Art by Samantha Miller
The midterm season comes closer each day, and Pepperdine students prepare to face the challenge of testing from their own homes. The testing process will be vastly different than that of previous semesters, however, because Pepperdine bought a new tool: Proctortrack.
Pepperdine contracted Proctortrack, an exam proctoring service, to ensure academic integrity for various tests and quizzes delivered across Pepperdine’s schools. Students and faculty shared concerns about the implications behind the proctoring system and a lack of privacy for students and their information.
“I feel like it has already been a tough year,” junior Pablo Avila said. “This is just one more thing to worry about. However, from the administration’s perspective, it’s understandable that they’d want to find a way to control test-taking.”
Professor Paul Begin, interim dean of Curriculum and Education, led the acquisition of Proctortrack for Seaver College. Pepperdine has ensured that clauses in the contract between the University and Proctortrack protect students’ privacy, Begin said.
“The idea is to schedule data removal every 60 days,” Begin said. “I could envision circumstances in which we decide to purge data every 90 days.”
This data refers to the individual recordings of students taking exams, not the biometric scans and identification information, which Proctortrack will store for a year, Begin said.
Seaver College contracted the system on a per-test basis. Seaver Dean Michael Feltner wrote in an email that acquiring Proctortrack for the 2020–2021 academic year — including the fall semester, January session, spring semester and two summer sessions — cost $30,000. Feltner wrote Proctortrack did not play a role in deciding the 2020–2021 academic year tuition.
The Proctortrack website offers institutions four different levels of monitoring students. Pepperdine professors have access to the lowest levels, which are called ProctorLock and ProctorAuto, respectively, Begin said. On these levels, professors choose from a set of behavior parameters they deem untrustworthy.
Some of these behaviors may include looking away from the screen, stepping outside of the camera’s view and having someone other than the student stepping into frame. Proctortrack monitors this by continually tracking eye movement and repeatedly producing biometric scans, which are scans that perceive and detect human features that confirm the test taker’s identity.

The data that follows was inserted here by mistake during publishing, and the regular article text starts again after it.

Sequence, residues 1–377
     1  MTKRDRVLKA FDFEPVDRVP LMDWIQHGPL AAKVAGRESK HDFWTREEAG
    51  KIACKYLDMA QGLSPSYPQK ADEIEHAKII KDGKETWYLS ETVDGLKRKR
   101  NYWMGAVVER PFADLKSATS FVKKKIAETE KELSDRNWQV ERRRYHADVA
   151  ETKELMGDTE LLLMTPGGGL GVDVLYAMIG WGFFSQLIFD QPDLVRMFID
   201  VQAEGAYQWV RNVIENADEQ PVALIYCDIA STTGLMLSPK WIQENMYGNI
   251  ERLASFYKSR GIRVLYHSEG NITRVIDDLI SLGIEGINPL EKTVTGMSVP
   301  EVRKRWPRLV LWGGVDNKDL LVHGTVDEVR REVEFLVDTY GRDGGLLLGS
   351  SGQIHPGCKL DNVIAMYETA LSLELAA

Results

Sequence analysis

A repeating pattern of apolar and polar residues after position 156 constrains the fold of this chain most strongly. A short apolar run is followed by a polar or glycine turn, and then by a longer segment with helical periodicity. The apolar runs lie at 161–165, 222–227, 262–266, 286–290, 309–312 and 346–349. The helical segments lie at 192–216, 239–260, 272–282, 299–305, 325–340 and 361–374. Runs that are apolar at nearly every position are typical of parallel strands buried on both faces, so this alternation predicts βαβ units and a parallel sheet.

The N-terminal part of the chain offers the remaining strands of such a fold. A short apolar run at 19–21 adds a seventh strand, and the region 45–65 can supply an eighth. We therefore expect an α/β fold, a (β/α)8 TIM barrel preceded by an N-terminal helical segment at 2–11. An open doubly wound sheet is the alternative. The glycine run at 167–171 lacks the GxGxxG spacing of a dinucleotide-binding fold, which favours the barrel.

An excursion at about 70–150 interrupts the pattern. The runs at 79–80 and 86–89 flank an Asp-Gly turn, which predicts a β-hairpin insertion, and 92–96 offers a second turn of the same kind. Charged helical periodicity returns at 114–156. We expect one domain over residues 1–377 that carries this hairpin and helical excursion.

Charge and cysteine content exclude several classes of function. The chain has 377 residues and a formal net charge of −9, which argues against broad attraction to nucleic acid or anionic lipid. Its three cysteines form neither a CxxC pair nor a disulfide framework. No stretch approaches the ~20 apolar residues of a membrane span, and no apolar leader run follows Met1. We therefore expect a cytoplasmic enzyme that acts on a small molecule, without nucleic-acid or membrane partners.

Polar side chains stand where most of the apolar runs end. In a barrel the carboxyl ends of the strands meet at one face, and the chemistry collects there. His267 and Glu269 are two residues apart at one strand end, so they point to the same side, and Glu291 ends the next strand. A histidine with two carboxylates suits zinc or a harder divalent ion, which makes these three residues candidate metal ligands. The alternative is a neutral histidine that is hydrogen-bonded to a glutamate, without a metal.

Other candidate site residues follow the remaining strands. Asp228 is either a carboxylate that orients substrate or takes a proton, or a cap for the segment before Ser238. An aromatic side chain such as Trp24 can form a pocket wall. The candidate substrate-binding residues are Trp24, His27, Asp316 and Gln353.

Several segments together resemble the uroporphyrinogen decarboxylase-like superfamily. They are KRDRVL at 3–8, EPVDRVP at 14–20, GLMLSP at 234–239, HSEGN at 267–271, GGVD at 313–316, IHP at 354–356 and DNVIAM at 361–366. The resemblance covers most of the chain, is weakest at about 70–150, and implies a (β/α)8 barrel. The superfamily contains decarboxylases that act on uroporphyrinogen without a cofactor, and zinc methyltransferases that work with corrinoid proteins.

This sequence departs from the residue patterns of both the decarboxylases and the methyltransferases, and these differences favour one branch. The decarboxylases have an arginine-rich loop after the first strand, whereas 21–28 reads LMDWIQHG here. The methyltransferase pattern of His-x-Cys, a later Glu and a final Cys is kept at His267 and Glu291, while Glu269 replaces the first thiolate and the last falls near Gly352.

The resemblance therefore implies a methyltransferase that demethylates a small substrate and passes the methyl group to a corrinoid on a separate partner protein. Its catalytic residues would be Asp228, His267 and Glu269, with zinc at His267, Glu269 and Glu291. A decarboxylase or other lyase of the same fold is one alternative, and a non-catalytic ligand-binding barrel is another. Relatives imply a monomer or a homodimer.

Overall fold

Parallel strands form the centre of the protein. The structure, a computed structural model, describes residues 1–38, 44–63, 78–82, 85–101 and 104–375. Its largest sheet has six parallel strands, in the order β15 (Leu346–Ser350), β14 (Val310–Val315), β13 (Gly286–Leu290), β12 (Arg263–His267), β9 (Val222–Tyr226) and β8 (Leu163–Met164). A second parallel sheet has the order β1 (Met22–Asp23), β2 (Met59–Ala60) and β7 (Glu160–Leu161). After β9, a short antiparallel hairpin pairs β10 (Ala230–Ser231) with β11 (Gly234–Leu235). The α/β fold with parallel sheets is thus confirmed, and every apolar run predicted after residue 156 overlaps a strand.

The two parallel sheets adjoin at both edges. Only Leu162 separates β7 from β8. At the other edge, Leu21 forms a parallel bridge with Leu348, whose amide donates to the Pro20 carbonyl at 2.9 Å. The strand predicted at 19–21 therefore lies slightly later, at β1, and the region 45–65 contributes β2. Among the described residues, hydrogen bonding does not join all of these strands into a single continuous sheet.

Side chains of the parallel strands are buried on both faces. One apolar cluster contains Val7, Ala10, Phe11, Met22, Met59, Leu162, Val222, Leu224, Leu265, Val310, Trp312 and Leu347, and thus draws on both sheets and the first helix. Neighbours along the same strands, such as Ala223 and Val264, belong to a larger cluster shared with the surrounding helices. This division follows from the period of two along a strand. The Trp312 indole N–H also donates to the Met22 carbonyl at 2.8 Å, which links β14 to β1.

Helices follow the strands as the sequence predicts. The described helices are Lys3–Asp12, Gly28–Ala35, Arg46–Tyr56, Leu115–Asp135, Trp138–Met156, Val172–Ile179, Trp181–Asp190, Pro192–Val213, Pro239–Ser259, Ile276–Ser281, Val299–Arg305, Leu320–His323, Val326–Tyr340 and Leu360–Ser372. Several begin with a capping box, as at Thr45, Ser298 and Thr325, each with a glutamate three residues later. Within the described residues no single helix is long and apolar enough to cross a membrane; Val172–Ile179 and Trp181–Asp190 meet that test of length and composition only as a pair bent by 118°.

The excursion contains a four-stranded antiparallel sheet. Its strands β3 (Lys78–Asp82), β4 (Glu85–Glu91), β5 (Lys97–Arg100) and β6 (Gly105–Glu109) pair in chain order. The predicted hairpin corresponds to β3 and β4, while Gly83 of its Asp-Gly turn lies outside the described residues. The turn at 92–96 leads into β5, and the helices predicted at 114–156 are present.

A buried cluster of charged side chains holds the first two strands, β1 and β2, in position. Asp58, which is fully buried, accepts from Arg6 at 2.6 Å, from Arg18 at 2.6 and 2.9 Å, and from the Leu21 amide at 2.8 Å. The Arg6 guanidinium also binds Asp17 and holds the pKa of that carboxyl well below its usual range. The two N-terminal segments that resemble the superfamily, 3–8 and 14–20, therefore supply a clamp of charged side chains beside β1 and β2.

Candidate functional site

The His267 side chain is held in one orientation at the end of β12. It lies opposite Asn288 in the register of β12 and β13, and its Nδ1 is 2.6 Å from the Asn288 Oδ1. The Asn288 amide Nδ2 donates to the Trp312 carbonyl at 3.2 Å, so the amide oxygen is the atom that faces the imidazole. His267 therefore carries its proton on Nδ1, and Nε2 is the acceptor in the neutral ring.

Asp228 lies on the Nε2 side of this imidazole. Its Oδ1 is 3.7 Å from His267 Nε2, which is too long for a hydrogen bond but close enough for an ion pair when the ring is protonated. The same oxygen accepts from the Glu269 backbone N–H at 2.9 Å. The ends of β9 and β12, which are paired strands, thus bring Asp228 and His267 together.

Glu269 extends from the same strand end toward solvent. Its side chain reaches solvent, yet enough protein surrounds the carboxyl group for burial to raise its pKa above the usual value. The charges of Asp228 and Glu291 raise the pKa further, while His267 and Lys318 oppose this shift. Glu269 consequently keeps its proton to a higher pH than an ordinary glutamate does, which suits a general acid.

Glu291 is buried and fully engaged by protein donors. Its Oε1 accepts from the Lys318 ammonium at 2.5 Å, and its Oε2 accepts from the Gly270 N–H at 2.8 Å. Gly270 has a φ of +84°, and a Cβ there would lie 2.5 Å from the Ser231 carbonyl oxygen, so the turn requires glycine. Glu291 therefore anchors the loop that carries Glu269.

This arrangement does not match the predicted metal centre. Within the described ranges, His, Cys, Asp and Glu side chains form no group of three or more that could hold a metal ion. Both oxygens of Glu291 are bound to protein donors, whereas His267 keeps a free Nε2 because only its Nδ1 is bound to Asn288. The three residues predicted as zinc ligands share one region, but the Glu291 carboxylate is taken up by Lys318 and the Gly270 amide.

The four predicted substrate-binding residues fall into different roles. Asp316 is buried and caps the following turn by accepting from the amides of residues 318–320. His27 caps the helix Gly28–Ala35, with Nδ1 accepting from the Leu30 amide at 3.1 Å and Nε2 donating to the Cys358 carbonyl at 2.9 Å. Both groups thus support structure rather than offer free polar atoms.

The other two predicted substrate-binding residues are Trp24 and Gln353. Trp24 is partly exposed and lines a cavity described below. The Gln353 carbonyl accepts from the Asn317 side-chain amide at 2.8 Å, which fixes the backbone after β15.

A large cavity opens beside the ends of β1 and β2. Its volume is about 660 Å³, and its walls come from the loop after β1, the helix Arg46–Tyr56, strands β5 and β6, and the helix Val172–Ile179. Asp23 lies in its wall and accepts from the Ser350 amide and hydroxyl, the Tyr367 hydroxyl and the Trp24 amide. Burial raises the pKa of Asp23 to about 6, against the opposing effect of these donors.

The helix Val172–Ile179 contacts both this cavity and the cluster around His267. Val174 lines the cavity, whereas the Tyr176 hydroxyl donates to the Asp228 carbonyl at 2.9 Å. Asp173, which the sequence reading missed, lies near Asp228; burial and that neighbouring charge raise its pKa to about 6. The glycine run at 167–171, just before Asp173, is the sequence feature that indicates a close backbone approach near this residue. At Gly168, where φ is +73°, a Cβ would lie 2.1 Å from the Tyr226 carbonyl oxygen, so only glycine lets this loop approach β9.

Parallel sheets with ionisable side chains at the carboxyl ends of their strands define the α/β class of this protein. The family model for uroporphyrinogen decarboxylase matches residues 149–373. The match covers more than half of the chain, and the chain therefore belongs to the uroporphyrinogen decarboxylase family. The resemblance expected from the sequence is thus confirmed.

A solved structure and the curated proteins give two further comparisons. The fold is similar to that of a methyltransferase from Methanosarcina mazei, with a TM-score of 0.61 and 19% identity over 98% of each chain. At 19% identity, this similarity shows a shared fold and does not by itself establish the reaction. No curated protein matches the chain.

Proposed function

Additionally, the service observes audio levels in the room, controls the browser to restrict students’ access to other websites, takes screenshots and regularly captures images of the student and their environment. It logs keystrokes and stores the names of any other application running on the user’s computer.
To set up Proctortrack, students will go through a demo in which they must show their Pepperdine ID, perform a facial scan and a knuckle or palm scan. The proctoring service will store these scans for a year, which means that students do not have to set up the system for every exam, Begin said. This demo also familiarizes the student with the service.
Avila said he feels wary about using the proctoring service; he said it makes him feel uncomfortable to share a scan of his face — as well as other personal information — with a third party.
Many professors, like Religion Professor Christopher Heard, have decided to shift away from memorization-based examinations to new teaching methods in response to the pandemic and remote learning.
Heard, also the director of the Center for Teaching Excellence, has left testing behind. Instead, he said he chooses to focus on “authentic assessments,” which refer to assessments that recreate situations an individual in a particular field would face in the real world.
Sophomore Mauricio Contreras said he also did not like being forced to give up his personal information, even if it were to be erased after some time. Moreover, he felt uncomfortable with the notion a proctoring service like Proctortrack suggests — that students are untrustworthy.
“Professors should trust students to maintain integrity,” Contreras said. “Moreover, exams should focus on putting your knowledge into practice, which does not lend itself to cheating.”
Like Contreras, Heard said he believes the use of Proctortrack implies professors do not trust their students and assumes they will cheat. Additionally, he said smaller and more frequent quizzes help students learn more and become more acquainted with the material, while occasional large tests usually promote memorization.
Over the weekend, an anonymous Instagram page called “Ban Proctortrack at Pepperdine” posted a petition to boycott the system. The page claimed it opposes Proctortrack for privacy and consent issues. As of Sept. 14, the petition has over 200 signatures.
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